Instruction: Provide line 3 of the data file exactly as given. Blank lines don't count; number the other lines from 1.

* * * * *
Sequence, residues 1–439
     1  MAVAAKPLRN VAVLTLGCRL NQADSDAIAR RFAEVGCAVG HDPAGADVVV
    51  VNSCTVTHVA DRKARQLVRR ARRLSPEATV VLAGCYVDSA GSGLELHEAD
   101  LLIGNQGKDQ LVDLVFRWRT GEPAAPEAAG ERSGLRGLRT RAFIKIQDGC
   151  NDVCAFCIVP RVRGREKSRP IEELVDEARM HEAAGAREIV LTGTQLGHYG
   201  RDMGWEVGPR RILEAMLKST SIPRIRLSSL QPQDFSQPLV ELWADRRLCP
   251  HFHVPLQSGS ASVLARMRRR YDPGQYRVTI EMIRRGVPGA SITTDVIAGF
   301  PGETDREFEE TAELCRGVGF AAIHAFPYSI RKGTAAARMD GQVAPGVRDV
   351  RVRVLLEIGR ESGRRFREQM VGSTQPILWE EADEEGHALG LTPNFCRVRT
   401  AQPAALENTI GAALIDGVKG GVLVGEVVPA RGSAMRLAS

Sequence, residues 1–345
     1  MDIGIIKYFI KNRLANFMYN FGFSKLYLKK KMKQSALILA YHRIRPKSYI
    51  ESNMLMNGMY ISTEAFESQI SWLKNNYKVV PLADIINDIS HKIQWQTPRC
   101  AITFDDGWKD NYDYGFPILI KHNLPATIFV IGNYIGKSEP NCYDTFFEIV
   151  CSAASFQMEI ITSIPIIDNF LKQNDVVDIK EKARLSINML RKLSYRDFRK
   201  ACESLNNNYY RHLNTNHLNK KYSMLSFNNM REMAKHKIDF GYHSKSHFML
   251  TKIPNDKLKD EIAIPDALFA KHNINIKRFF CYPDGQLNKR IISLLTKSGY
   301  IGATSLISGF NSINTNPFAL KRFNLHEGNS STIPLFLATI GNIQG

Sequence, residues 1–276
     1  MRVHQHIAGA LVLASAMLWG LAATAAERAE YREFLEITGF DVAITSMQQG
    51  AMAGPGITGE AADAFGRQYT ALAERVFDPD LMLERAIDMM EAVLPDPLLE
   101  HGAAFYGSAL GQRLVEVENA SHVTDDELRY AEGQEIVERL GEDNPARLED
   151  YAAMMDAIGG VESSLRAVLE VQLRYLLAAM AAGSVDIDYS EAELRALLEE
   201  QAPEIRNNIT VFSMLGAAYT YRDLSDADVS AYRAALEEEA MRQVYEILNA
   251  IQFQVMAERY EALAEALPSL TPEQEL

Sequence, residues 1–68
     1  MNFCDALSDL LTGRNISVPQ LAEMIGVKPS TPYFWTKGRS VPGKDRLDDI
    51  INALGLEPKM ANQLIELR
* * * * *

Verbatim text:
    51  VNSCTVTHVA DRKARQLVRR ARRLSPEATV VLAGCYVDSA GSGLELHEAD